As Christians, we might wonder how David could ask for forgiveness apart from Jesus. However, verse 7 says, “Purge me with hyssop, and I shall be clean.” If you are wondering why David mentioned the hyssop plant, remember that the most famous use of hyssop in the Old Testament was during the original Passover. The Israelites were told to use hyssop to apply the blood of the sacrificed lamb to the doorframe of their houses so they would be spared from the Destroyer. Hyssop points back to the Passover, and the Passover lamb points ahead to the true Lamb of God. When John the Baptist saw Jesus coming he cried, “Behold the Lamb of God that takes away the sin of the world!” (John 1:29) If you want cleaning, you must depend on the blood that was spilled in your place by the true Lamb of God.

4.      Desire inward renewal and a cleansed heart. (v. 8-12)

It isn’t enough just to be pardoned of our guilt. David knew that his sins of adultery and murder flowed out of his sinful heart. David knew that unless God would change his heart he would be right back at it like an unreformed criminal set free from prison. Genuine heart change is something only God can do.

Genuine repentance means not wanting to have the desire for that sin anymore. You may still struggle with that desire as a temptation, but you don’t want that desire anymore. We don’t pray, “God forgive me of that, but let me keep the love of that sin in my heart.”

5.      Promise to teach others the lessons you have learned. (v. 13)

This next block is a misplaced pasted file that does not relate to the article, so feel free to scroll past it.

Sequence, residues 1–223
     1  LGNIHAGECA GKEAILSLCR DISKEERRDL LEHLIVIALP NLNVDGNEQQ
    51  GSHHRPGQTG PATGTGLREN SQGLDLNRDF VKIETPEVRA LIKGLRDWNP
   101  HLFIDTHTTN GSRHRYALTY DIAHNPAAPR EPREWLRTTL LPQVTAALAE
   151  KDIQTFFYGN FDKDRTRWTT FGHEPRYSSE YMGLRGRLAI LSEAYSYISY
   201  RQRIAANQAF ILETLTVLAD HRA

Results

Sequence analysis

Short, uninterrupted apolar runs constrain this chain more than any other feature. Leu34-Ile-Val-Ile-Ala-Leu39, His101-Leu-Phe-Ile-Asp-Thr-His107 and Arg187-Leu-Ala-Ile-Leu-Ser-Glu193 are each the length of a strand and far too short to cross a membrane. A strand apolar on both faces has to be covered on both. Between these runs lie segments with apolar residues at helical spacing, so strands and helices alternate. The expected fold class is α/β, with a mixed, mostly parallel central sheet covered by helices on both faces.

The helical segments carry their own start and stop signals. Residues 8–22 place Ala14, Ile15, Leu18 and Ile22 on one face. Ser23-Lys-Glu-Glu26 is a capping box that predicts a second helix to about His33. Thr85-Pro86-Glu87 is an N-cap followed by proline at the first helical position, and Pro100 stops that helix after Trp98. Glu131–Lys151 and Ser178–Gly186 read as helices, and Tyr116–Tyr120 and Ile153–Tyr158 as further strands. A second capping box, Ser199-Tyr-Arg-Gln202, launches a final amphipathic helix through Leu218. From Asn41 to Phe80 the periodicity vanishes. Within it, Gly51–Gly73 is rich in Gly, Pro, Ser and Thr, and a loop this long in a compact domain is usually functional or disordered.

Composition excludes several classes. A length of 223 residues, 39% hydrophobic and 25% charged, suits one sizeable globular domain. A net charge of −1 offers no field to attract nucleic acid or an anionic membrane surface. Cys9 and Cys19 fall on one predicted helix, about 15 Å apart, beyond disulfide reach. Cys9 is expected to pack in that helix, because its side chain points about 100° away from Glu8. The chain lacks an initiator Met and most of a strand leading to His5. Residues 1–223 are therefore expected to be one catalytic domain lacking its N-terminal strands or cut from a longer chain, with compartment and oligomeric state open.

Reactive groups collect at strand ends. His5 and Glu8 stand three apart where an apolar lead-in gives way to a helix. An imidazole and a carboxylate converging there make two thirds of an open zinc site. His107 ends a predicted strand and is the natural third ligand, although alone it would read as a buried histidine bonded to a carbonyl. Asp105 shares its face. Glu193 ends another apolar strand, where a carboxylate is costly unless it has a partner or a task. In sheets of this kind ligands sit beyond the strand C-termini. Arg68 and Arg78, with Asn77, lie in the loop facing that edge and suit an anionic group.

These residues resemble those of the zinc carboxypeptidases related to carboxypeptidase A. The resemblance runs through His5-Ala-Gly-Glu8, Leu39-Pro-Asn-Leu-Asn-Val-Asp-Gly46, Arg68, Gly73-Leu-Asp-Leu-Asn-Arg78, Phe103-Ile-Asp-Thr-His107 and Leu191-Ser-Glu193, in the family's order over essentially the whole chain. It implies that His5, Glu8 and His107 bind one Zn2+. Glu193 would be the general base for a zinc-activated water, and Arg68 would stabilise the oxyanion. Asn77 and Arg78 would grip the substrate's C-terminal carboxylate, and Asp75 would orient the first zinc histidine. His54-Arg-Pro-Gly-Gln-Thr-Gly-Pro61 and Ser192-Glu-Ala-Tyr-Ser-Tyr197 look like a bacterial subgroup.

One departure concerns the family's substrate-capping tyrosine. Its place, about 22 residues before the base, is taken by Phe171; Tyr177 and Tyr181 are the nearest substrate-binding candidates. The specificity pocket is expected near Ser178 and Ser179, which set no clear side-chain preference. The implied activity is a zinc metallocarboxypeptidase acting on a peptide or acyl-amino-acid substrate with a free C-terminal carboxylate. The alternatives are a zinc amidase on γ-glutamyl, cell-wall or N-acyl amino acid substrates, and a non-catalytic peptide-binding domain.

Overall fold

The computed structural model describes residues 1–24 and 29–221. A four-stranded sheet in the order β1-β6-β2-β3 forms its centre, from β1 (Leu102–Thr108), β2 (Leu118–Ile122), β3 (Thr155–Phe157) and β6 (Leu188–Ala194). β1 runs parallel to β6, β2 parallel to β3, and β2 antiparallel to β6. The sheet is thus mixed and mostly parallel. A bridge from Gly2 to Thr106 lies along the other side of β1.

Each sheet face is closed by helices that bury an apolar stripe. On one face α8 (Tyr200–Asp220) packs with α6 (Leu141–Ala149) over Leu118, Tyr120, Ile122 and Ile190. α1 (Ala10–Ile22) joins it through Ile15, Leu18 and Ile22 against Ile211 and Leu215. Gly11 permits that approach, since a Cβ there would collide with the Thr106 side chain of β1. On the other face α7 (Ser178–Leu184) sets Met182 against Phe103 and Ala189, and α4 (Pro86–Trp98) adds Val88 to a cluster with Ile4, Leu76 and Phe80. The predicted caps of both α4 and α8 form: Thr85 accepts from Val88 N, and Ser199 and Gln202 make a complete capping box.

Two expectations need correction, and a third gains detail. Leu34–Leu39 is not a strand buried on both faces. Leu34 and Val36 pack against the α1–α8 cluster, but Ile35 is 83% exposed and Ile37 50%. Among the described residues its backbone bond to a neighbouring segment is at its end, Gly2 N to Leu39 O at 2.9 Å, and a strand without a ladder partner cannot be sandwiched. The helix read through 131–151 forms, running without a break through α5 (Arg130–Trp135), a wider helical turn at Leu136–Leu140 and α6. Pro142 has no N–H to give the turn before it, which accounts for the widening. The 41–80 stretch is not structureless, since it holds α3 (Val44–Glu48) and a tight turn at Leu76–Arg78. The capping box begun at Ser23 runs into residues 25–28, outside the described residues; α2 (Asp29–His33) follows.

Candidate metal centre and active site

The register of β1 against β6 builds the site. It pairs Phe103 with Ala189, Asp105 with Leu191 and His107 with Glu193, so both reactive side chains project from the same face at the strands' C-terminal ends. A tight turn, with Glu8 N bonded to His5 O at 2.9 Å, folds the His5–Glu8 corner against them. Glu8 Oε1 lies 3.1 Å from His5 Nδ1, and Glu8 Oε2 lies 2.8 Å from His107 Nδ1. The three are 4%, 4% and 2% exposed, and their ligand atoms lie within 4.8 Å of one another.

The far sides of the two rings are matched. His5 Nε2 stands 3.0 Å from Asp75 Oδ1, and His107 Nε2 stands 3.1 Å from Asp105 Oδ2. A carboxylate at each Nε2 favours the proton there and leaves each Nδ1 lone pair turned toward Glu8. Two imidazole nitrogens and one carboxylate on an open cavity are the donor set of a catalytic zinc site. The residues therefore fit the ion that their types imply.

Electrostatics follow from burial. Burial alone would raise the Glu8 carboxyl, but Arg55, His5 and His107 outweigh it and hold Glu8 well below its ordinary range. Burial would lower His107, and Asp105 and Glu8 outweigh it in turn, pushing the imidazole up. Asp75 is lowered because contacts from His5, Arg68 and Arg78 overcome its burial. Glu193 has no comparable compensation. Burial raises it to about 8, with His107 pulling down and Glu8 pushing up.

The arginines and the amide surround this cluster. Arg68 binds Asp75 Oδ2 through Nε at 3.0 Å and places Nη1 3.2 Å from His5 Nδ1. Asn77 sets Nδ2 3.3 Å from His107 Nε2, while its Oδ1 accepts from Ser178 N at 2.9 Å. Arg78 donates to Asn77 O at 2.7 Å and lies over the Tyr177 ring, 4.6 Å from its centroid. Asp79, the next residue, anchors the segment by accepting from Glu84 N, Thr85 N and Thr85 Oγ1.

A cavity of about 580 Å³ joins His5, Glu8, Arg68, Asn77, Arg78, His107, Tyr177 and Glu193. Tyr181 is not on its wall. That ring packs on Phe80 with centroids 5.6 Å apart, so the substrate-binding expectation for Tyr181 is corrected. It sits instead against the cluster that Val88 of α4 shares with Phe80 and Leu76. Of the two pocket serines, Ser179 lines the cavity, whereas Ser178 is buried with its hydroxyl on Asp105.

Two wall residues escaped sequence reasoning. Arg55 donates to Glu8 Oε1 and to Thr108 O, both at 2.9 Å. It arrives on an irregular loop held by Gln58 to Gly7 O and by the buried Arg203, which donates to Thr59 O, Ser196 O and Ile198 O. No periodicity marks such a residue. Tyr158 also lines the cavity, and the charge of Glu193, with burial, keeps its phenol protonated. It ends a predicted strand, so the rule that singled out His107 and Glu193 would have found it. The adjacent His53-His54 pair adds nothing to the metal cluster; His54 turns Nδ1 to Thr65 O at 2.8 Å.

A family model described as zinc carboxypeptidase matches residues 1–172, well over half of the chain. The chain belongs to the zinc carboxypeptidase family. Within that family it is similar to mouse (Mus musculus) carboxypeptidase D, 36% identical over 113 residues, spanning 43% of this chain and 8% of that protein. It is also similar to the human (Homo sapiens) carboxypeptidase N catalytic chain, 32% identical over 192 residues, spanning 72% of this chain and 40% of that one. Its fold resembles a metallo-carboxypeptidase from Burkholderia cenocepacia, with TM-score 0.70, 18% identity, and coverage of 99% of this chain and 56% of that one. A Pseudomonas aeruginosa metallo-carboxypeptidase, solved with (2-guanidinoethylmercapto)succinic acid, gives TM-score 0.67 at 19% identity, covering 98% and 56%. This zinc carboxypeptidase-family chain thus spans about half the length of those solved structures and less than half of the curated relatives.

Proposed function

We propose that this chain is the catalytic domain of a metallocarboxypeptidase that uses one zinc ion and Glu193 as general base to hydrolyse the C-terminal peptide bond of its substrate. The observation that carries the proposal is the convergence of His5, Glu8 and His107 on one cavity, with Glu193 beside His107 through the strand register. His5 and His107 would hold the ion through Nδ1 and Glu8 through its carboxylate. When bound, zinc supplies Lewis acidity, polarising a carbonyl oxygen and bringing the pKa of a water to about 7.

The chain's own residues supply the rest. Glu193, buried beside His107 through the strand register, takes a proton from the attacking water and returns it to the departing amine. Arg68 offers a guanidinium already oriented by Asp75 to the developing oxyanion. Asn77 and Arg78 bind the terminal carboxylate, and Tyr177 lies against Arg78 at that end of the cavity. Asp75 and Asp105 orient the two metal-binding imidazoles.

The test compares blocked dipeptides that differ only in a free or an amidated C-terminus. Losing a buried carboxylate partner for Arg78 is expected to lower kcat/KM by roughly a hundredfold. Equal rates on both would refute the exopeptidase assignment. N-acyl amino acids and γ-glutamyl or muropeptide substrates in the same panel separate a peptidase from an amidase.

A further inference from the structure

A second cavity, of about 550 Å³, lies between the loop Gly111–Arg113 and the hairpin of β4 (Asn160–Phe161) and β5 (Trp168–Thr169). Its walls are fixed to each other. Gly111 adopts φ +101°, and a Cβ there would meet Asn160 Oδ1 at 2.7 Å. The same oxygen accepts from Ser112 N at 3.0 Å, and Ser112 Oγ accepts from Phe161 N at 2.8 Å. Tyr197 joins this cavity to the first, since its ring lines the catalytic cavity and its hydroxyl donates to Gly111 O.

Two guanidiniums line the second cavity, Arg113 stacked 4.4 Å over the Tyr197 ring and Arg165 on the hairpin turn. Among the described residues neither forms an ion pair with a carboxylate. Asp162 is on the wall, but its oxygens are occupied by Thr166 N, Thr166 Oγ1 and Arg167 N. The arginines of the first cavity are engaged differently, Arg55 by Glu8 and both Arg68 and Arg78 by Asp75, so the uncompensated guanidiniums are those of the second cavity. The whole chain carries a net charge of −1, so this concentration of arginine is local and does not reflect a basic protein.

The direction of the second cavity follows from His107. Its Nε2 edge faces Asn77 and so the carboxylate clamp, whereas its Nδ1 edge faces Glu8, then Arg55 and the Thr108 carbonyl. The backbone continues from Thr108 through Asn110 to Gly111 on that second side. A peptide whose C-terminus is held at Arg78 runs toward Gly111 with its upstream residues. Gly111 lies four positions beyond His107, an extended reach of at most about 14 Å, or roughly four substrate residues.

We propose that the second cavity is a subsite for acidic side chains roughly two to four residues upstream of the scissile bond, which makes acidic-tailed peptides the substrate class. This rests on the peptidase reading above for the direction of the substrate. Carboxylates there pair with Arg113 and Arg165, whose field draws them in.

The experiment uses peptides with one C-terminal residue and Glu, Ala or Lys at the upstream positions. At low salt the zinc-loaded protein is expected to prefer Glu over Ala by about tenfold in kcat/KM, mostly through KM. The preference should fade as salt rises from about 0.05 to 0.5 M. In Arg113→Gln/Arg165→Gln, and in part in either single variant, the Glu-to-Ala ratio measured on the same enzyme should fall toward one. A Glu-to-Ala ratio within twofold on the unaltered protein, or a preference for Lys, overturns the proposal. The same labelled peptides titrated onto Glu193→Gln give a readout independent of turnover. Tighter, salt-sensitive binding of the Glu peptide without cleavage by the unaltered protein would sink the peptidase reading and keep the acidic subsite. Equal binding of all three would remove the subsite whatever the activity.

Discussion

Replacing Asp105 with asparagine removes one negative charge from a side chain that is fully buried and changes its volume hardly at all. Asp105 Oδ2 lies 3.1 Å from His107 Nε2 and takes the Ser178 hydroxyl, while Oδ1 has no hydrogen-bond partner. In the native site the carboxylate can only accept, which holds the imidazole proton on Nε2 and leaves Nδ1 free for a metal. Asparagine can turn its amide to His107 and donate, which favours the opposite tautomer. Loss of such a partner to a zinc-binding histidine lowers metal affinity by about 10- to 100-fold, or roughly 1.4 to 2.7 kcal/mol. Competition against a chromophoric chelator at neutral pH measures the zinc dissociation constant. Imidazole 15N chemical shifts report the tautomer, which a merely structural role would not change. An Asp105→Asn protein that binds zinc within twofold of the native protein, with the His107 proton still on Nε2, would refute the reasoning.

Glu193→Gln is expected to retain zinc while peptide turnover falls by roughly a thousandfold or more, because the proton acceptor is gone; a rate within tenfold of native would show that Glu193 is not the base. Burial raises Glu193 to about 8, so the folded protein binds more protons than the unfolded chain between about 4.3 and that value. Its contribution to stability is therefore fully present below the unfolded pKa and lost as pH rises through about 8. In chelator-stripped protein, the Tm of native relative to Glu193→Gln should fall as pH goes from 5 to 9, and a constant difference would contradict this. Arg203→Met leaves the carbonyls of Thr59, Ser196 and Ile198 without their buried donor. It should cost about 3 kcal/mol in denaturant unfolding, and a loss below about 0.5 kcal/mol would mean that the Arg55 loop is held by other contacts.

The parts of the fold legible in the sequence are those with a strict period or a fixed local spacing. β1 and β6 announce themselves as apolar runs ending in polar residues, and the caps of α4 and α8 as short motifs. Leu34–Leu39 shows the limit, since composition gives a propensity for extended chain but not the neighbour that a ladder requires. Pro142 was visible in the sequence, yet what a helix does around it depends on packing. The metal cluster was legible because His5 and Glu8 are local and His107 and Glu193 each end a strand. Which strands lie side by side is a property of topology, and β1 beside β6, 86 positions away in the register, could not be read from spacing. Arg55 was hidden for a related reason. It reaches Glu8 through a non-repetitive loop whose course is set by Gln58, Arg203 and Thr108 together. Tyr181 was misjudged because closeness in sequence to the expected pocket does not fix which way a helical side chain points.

Genuine repentance and forgiveness makes us willing to tell others the stories of our sin and the consequences—so that we can warn them and plead with them not to make the same mistakes. We accept that our sins were seriously bad; and we also accept God’s forgiveness which frees our tongues from being paralyzed by guilt. This puts us in the right position to help others from falling into the same pits.           

6.      Praise God for His character and compassion. (v. 14-15)

Psalm 51 was written by a man who was forgiven of adultery and murder. Amazing Grace was written by the former captain of a slave ship. The loudest praise comes from the lips of the largest forgiven sinners.

7.      Continuously keep contrite heart before God. (v. 16-17)

God would rather have us slaughter the pride in our hearts than slaughter animals for sacrifice. We are not forgiven by being sorry for our sins—even by being genuinely sorry. Forgiveness only comes because Christ died for us. But to accept that, we need a broken and contrite heart.

False repentance is merely being sorry about consequences. Genuine repentance means being deeply grieved about offended the King we realize we should never rebel against. A contrite heart isn’t just something for the start of the Christian life. For all of our Christian life we need to stay humble and contrite before God. It is a part of gratitude.

8.      Pray for others. Move your focus outside of yourself—to others and the glory of God. (v. 18-19)

David concludes Psalm 51 by praying for the good of Zion and for God to delight in burnt offerings given to Him. The last “step” of going to God for a clean heart is to move our focus from ourselves to others. This is spiritually and emotionally healthy. A heart bent by sin is twisted back and looks only at itself. A cleaned heart looks outward and upward.

Footnote: My thinking on these steps was spurred by James Boice’s commentary on Psalm 51. I used his wording for what I call step five.